The use of decorations in the second ‘A’ section of da capo arias was sparing, judicious and effective. This was an enjoyable if not hugely memorable Messiah, therefore.  Incidentally, the British habit of standing for the “Hallelujah” chorus sits uneasily with this reviewer (at a guess 95% of the Barbican audience stretched their legs). It’s hugely disruptive and does it really serve a purpose? I blame King George II.

Colin Clarke

Print Friendly

Comments

Leave a Reply

Recent Reviews

Facebook-button-1

Season Previews

__________________________________
  • NEW! Spitalfields Music Festival 2017 in December __________________________________
  • NEW! Bampton Classical Opera in 2018 __________________________________
  • NEW! The 2018 Lucerne Summer Festival __________________________________
  • NEW! World Premiere of The Nutcracker and I, by Alexandra Dariescu in December at Milton Court __________________________________
  • NEW! Hampstead Garden Opera Bring The Enchanted Pig to Highgate in November __________________________________
  • NEW! Leeds Lieder’s Forthcoming Schubert Song Series in Leeds and Sheffield __________________________________
  • NEW! Svetlana Zakharova and Bolshoi Stars Bring Amore to the London Coliseum in November __________________________________
  • NEW! Tom Green and Carol Ann Duffy’s The World’s Wife Premieres on 15 October in Cardiff __________________________________
  • UPDATED! English National Ballet’s 2017 – 2018 Autumn/Winter Season __________________________________
  • NEW! Contemporary Music from Manchester’s Psappha in 2017-18 __________________________________
  • NEW! I Musicanti’s ‘Alexandra and the Russians’ at St Johns Smith Square, 2017-18 __________________________________
  • NEW! Anna Netrebko and Yusif Eyvazov’s Return to London in May 2018 __________________________________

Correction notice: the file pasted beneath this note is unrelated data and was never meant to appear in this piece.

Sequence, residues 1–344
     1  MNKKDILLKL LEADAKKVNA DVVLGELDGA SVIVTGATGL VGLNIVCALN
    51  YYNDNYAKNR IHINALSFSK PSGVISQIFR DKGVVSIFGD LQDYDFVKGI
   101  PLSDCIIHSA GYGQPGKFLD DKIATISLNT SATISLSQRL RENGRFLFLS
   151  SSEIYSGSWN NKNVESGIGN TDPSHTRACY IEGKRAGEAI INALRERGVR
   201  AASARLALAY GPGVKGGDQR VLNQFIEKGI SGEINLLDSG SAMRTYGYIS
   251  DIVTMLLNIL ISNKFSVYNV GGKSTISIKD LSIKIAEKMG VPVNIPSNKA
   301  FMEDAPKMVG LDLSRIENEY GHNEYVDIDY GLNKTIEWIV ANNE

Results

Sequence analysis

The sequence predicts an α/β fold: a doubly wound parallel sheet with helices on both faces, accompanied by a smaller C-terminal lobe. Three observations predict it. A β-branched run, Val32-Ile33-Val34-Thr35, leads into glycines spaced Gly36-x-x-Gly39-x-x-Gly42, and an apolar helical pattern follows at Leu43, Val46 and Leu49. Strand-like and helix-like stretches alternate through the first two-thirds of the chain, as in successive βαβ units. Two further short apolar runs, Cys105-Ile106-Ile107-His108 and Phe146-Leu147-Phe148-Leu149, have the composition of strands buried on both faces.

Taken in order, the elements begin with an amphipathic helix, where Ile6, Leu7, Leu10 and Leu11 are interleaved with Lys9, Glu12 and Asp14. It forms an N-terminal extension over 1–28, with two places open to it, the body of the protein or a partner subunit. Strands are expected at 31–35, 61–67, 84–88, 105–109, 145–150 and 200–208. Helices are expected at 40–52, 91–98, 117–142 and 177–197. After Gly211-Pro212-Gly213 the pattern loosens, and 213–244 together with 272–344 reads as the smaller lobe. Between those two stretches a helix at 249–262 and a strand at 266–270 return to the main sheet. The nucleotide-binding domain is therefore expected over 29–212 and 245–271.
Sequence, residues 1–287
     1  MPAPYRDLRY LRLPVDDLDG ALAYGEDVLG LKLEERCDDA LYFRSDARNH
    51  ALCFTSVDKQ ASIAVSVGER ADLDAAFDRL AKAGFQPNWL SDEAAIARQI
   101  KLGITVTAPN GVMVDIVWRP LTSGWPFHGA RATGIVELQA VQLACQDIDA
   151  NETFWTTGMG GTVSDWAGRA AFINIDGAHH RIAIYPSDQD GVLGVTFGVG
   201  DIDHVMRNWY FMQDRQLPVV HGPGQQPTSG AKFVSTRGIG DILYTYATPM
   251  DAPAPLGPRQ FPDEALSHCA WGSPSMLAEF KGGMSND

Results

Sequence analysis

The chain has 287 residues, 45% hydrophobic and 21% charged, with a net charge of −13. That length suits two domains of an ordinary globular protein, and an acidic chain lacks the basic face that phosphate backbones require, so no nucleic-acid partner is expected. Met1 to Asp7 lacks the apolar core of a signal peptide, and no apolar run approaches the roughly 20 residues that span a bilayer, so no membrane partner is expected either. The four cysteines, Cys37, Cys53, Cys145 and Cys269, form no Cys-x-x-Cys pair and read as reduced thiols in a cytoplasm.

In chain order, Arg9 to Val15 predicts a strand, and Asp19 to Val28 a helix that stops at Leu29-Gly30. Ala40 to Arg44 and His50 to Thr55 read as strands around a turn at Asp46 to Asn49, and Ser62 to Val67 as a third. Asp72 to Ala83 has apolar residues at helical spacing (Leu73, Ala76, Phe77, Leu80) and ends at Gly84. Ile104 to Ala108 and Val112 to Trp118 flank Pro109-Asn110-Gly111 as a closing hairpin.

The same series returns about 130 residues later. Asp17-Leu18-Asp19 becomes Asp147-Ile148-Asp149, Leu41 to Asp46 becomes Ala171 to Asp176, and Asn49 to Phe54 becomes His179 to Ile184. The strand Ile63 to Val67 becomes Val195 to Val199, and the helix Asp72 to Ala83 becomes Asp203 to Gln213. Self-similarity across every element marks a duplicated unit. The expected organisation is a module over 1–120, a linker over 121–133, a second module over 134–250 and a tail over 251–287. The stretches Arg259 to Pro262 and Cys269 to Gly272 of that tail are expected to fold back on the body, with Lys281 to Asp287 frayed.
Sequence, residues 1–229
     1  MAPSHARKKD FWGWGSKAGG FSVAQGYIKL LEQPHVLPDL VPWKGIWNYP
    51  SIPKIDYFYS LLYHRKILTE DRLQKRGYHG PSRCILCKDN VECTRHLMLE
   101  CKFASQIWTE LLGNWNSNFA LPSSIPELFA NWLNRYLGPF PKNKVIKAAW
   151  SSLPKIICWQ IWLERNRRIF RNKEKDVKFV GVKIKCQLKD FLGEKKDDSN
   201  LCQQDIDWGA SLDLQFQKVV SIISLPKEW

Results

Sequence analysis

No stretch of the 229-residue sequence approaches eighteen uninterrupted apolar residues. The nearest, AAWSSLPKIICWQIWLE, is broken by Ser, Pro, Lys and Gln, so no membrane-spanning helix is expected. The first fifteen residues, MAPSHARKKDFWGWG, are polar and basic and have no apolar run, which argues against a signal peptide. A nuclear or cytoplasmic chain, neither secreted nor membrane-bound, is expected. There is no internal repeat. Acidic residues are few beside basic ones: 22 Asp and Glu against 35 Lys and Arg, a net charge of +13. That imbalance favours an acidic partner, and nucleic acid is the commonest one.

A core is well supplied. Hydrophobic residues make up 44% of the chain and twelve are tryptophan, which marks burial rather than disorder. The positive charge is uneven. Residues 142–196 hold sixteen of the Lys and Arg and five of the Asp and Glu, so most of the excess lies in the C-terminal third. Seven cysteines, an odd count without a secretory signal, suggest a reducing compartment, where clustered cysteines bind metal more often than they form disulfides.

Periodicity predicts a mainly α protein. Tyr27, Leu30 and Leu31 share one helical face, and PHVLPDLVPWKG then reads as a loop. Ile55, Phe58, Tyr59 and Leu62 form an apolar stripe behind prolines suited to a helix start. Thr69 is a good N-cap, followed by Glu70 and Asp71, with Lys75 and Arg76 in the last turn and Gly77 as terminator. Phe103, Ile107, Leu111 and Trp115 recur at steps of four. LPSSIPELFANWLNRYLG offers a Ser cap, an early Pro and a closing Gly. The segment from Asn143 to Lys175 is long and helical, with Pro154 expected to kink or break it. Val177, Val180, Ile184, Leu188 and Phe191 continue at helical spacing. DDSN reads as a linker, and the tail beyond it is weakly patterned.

• NEW! St John’s Smith Square announces its 2017/18 Season __________________________________
  • NEW! The Pierre Boulez Saal’s 2017/18 Season in Berlin __________________________________
  • NEW! Birmingham and Beyond: Ex Cathedra in 2017/18 __________________________________
  • NEW! The Glyndebourne Opera Cup and Glyndebourne in 2018 __________________________________
  • NEW! The City of Birmingham Symphony Orchestra’s 2017/18 Season __________________________________
  • Subscribe to Review Summary Newsletter

    Reviews by Reviewer

    News and Featured Articles

    __________________________________
  • NEW! A Composer Speaks Up for the Environment: An Interview with Margaret Brouwer __________________________________
  • NEW! The Generosity of Gwyneth Jones: Her Masterclass at the Royal College of Music __________________________________
  • NEW! Twelve Years of Celebrating Malcolm Arnold in Northampton __________________________________
  • NEW! What is the Critic’s Job? A Review of A. O. Scott’s Recent Book __________________________________
  • NEW! English Music Festival in Yorkshire Lifts the Lid Off an English Treasury __________________________________
  • NEW! A FULLY STAGED PILGRIM’S PROGRESS IN ORLEANS, MA __________________________________
  • NEW! JIŘÍ BĔLOHLÁVEK (1946-2017) AND THE CZECH CONDUCTING LEGACY __________________________________
  • NEW! JUSTIN DOYLE DISCUSSES MONTEVERDI WITH MARK BERRY __________________________________
  • NEW! Katie Lowe Wins the 2017 Elizabeth Connell Prize __________________________________
  • NEW! ITINÉRAIRE BAROQUE 2017: TON KOOPMAN TALKS TO COLIN CLARKE __________________________________
  • NEW! The Royal Opera House in Mumbai is Restored to its Former Glory __________________________________
  • NEW! iSING! – International Young Artists Festival in Suzhou, China __________________________________
  • NEW! A Riveting Kokoschka’s Doll from Sir John Tomlinson and Counterpoise __________________________________
  • NEW! ANGELA BROWNRIDGE IN CONVERSATION WITH ROBERT BEATTIE __________________________________
  • Archives by Week

    Archives by Month

    Search S&H